Made for the Destination America network, this has to be one of the weirdest reality TV series around. It is a show in which a couple of “seasoned” ghost hunters, Nick Groff and Katrina Weidman, confine themselves in some of the most haunted and long-abandoned places in the belief that the longer they hang around with their state-of-the-art ghost-hunting gear the more the spirits will attempt to communicate with them. The first episode takes us to a dilapidated building in an isolated clearing in rural northwest New York known as Hinsdale House, which has a long history of ghostly activity and once even witnessed an exorcism. Next week, they investigate Franklin Castle in Cleveland, Ohio, a Victorian mansion built in 1860. In an almost perfect piece of yuletide programming, this Foxtel channel is airing marathons of Christmas-themed classic episodes from the long-running hits The Simpsons, Family Guy, Futurama and American Dad, celebrating the unique talents of creators Matt Groening and Seth MacFarlane. The season begins with Simpsons Roasting on an Open Fire, which first went to air in December 1989. Glastonbury Highlights 2016 Thursday, 10.40pm, Arts The BBC takes us to Pilton, Somerset, for all the festivities of the 2016 bash, capturing the best of the musical action. This year’s event came just as the result of the referendum on whether to leave the EU was announced. While the festival is famous for its engaged and socially liberal stance, this film leaves out the Brexit politics and speeches delivered from the stages and concentrates on the music, the crowd obviously determined to enjoy itself. And while it was the Futurama worst rain and mud in the festival’s 46-year history, there’s no sign of any misery as artists such as Beck, Cold Play, Jeff Lynne and PJ Harvey, in full glam-grotesque mode, easily help everyone forget the discomfort. Adele opens the show, and what a start, the great singer framed by large close-ups of her eyes on the gigantic screens surrounding the Pyramid Stage as she sings Hello with that perfect pitch, the crowd barely contained in the field chorusing back in unison. Frank Capra’s It’s a Wonderful Life (Sunday, 8.30pm, Fox Classics) from 1946 and starring James Stewart, is one of the great holiday movies; it’s also one of the most controversial with critics. While it is often viewed as sentimental and just a little corny, Capra’s movie possesses darker themes, working out of moral concerns about the fragility of happiness and the American dream. Stanley Kramer’s classic Guess Who’s Coming to Dinner (Monday, 8.35pm, Fox Classics), from 1967, is the story of a couple whose world is turned upside down when their daughter brings home her black fiance. Sidney Poitier is as poised and confident as ever, and Katharine Hepburn took home the best actress Oscar for her rousing performance. Australian director Jennifer Peedom’s Sherpa (Wednesday, 8.30pm, Masterpiece) was planned as a documentary about climbing Mount Everest from the perspective of the Nepalese Sherpas, focusing on a veteran of 21 ascents, Phurba Tashi. Then an avalanche occurred, killing 16 Sherpas, and bringing tensions into stark relief. The film also features archival footage of Edmund Hillary, Tenzing Norgay and his children.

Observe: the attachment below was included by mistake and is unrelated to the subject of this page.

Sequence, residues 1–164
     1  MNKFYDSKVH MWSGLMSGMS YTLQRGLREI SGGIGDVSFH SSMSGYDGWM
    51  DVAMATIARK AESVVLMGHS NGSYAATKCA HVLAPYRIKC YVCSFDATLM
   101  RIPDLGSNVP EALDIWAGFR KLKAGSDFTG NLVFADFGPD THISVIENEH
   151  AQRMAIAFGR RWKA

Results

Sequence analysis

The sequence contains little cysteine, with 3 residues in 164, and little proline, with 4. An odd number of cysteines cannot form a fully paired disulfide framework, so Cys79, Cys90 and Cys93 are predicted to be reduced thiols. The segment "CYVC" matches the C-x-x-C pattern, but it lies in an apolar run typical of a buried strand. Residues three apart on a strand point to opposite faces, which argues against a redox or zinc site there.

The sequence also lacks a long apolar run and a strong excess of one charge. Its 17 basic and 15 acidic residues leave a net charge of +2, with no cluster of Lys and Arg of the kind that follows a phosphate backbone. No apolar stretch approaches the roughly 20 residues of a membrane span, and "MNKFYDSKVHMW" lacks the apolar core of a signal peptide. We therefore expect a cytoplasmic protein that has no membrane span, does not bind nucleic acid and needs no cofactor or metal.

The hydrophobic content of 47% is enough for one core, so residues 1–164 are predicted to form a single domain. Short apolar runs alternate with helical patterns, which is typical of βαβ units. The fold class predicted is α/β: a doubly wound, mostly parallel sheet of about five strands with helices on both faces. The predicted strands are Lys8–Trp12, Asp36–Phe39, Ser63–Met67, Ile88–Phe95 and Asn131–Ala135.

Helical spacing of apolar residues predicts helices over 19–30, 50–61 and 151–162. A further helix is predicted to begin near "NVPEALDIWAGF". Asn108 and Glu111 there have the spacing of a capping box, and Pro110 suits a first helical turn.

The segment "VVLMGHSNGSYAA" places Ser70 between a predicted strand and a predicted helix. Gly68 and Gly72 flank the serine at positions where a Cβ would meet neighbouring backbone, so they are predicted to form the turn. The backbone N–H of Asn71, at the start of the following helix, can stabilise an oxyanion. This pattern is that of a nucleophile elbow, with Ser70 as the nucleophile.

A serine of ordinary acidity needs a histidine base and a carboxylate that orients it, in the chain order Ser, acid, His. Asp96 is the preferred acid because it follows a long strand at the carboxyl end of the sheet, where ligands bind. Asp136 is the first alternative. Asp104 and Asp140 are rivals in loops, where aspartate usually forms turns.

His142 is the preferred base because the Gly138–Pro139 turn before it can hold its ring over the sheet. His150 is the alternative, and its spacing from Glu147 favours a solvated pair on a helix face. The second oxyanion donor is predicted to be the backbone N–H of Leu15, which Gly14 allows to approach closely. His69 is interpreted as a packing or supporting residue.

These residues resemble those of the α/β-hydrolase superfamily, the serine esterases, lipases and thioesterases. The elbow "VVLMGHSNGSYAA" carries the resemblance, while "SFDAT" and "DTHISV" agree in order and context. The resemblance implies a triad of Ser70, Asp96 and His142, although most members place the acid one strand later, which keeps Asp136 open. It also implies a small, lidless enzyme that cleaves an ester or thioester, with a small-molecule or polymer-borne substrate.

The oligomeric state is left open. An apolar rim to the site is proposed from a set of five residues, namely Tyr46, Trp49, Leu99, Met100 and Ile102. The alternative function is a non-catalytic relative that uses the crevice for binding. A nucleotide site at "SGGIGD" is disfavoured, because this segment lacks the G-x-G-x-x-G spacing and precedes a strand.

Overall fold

is part of an animated Christmas special on Fox 8